office and the student deans. Of course, the University has
had, for some time, a procedure through which undergraduate
students may obtain more than one bachelor's degree. The current
legislation does not affect that procedure, but only facilitates
students completing coursework by permitting them to enroll
in two majors simultaneously (being assigned two major codes).
Additional procedures were devised after the legislation's passage
that would have required the identification of so-called primary
and secondary colleges in the administration of students' degree
programs; procedures which did little to assist students in
completing their degrees, but which succeeded quite handily
in making the policy unmanageable. These unnecessary changes
to the original legislation were deleted and the intent of the
original legislation was restored.
At the time of this report, the provost has directed the deans
to implement the policy as originally passed by the Council
and as articulated in a statement of procedures written by the
committee chair, based on the discussions with the student deans,
advisers, and the provost.
The committee established a subcommittee on online
instruction, whose task it was to compile all of the URL's of sites
related to online instruction at UT Austin and post them on a page
on the Council Web site. The subcommittee's work is ongoing.
||Recommendation for Residency Requirement in the UT
Austin Undergraduate Catalog (D
STATUS OF LEGISLATION (from the Council Web site): Legislation
posted on the Faculty Council Web site March 14, 2000. Presented
to the Faculty Council at its meeting on March 20, 2000. Returned
to Educational Policy Committee for reconsideration.
The committee voted to forward to the Council in the fall of
2002 a proposal to change the residency requirement for undergraduate
students at the University. The original proposal was presented
to the Council in the spring of 2000 and was returned to the
Educational Policy Committee for reconsideration. At the beginning
of the fall semester 2002, the committee will compile additional
background information, including a report of the residency
requirements in peer institutions, and submit the legislation
to the Council.
The committee was asked by the Council chair to review the recommendations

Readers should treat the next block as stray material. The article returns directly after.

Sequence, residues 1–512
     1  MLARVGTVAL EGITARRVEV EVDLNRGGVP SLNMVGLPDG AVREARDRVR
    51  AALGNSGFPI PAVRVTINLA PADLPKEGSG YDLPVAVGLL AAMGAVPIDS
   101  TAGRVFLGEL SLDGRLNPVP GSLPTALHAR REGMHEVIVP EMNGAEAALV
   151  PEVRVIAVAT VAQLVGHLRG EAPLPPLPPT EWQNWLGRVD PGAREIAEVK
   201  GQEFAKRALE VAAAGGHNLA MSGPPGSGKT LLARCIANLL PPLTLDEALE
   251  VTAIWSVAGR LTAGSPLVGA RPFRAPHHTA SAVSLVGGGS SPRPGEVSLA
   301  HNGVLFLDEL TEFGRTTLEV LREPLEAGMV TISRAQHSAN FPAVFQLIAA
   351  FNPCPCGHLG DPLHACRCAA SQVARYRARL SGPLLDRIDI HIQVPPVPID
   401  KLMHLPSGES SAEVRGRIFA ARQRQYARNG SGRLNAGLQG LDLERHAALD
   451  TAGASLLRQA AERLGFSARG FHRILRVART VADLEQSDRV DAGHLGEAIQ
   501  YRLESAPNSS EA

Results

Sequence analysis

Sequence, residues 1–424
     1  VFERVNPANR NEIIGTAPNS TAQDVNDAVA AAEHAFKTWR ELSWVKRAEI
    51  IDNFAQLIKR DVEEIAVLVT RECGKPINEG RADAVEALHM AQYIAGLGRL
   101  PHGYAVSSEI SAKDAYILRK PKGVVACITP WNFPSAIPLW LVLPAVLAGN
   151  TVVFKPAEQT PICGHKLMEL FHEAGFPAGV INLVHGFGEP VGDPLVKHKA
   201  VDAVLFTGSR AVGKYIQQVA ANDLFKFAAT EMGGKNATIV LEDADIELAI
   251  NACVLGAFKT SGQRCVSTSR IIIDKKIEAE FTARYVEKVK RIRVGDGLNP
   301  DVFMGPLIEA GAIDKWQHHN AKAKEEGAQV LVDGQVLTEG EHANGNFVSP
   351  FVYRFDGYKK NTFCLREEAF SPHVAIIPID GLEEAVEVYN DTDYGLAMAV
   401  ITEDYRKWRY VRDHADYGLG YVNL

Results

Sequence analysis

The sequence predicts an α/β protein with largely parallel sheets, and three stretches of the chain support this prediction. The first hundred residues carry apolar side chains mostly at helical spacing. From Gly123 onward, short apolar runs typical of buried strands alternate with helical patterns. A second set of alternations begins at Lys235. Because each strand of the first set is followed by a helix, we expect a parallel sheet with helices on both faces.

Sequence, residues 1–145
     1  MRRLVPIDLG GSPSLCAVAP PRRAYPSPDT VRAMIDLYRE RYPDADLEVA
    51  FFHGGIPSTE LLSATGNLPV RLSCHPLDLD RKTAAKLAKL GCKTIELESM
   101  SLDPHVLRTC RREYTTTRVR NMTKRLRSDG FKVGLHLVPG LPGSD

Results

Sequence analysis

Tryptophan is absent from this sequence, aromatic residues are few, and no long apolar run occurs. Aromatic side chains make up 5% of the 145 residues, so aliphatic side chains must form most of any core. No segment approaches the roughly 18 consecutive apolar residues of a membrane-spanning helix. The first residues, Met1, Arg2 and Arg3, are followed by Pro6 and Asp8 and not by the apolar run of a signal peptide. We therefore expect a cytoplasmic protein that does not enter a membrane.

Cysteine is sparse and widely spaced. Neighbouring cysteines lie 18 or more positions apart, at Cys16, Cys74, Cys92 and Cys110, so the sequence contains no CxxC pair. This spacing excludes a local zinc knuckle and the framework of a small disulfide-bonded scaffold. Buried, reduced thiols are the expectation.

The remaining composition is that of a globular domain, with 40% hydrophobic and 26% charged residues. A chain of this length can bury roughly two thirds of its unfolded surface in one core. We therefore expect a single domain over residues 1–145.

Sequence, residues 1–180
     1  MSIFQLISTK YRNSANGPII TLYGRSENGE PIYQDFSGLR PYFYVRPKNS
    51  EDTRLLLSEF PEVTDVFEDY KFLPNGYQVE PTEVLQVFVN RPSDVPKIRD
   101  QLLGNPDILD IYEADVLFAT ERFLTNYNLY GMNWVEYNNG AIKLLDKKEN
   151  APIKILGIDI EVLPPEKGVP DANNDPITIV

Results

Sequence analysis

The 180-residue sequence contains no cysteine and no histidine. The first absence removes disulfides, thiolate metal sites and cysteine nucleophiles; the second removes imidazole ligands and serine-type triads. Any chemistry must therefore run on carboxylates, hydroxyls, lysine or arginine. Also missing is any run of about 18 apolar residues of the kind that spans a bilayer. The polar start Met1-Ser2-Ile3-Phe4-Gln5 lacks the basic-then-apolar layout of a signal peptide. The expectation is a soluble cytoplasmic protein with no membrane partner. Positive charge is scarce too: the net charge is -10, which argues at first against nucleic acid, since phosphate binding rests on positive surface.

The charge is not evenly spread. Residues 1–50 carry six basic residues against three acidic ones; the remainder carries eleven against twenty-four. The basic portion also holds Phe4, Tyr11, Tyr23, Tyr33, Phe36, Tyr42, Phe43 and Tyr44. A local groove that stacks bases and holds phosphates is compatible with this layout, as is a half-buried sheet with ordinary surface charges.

of the Drake Group on Intercollegiate Athletics. It was the consensus
of the committee that, although some of the ideas presented in the
Drake group's document were consonant with prevailing faculty sentiment
on our campus (and perhaps faculty sentiment in higher education in
general), the precise content of the proposals did not warrant an
official endorsement by the Educational Policy Committee or by the
Council at large.
The committee voted to approve a recommendation by the provost, changing
the eligibility criteria for participation in Honors Day. The provost's
proposal raises the minimum enrollment for eligible non-seniors from
nine hours to twelve hours.
Members: Alice B. Andrews, president, Academic Counselors' Association;
Jennifer F. Barnhill, Cabinet of College Councils student representative;
William Andrew Brummett, Cabinet of College Councils student representative;
Michael E. Crawford, professor, mechanical engineering; Lesley A.
Dean-Jones, associate professor, classics; James W. Deitrick, professor,
accounting; Robert A. Duke, professor, music; Richard R. Flores, associate
professor, anthropology; Steven J. Fitzpatrick, associate director,
Measurement and Evaluation Center; Lita A. Guerra, chair, Student
Deans' Association; Marvin L. Hackert, professor, chemistry and biochemistry;
Jonathan G. Rude, Cabinet of College Councils student representative;
Cynthia W. Shelmerdine, professor, classics; Michael P. Starbird,
This document was posted on the Faculty Council Web site, www.utexas.edu/faculty/council/
on July 29, 2002. Paper copies are available on request from the Office
of the General Faculty, FAC 22, F9500.